My front curved staircase is the first thing you see when entering my home. The staircase was the reason I fell in love with my house initially but keeping carpeted stairs cleaned and vacuumed was a giant frustration. After looking into replacing with wood, I decided on tile. A hardwood replacement would have been far more expensive and required additional tools. I wanted to create a statement look and love Spanish tile detail. There are a lot of options for tile, but in the end I didn't want to spend thousands of dollars on high end tile for the stairs. I ended up buying my black and white tiles from Lowe's for $1.29 per tile and the larger tiles ran about $30 per tile from Home Depot.
Remove all staples and hammer in remaining nails. The carpet can easily be removed by using a small crowbar or flat head screw driver to get a corner of the carpet up and then easily pull the rest up.
Decide on type of tile and how best to position the tiles. I wanted the top of each step to match the new flooring we installed upstairs, which was a walnut color laminant. So I chose a tile that was long enough to fill the full width of each stairs ( 48 inches long). This way there would only be one grout line for the large steps and none on the smaller standard width. I chose a detailed tile for the face because I wanted a statement look. If this style is too bold for you, consider using the same large wood looking tile for the face of each stairs.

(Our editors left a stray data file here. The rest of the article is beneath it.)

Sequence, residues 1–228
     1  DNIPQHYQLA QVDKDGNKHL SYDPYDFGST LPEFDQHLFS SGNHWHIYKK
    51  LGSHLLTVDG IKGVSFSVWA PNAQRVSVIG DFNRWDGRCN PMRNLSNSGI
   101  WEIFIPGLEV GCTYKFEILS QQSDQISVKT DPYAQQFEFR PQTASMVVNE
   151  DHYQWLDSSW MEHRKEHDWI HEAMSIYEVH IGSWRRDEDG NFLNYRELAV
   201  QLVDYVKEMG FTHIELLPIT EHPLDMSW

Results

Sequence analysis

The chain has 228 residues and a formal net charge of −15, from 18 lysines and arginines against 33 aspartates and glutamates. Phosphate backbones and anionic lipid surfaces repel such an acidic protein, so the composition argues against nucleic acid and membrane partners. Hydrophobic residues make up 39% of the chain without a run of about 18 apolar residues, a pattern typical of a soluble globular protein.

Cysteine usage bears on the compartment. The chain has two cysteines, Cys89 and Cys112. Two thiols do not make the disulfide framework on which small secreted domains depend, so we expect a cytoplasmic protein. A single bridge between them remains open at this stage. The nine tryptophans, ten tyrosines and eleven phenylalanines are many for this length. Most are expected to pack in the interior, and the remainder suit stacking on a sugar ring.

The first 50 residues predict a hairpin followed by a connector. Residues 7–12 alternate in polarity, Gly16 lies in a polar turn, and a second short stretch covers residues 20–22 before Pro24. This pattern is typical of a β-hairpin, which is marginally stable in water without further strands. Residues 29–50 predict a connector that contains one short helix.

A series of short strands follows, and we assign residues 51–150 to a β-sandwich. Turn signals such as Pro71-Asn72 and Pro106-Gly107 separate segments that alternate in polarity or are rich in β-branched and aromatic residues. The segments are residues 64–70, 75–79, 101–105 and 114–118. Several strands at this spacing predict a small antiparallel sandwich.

Start by applying mortar with a trowel to the top side of stair.
This step is much easier if you have a partner who is measuring and cutting the tiles with a wet saw, while someone else installs.
You will need to make sure the schluter edge and the tile stay about 3/8 of an inch over the step, to cover the black and white tile that will cover the face of each stairs. We improvised by making a small cheater guide with wood, cut to the correct distance. This was easier than measuring each step.
For more of my grouting tutorials:
I used a white caulk on the face (edges only) and a dark/wood colored caulk on the steps. I ended up painting the banister black and staining the final step a similar walnut color as the wood colored tile. We will refinish the lighter hardwoods on the first floor eventually but for now I don’t mind the difference. Overall, I’m super happy with my new staircase, which is beautiful and very easy to clean!
Top Hometalk Projects
Want more details about this and other DIY projects? Check out my blog post!Go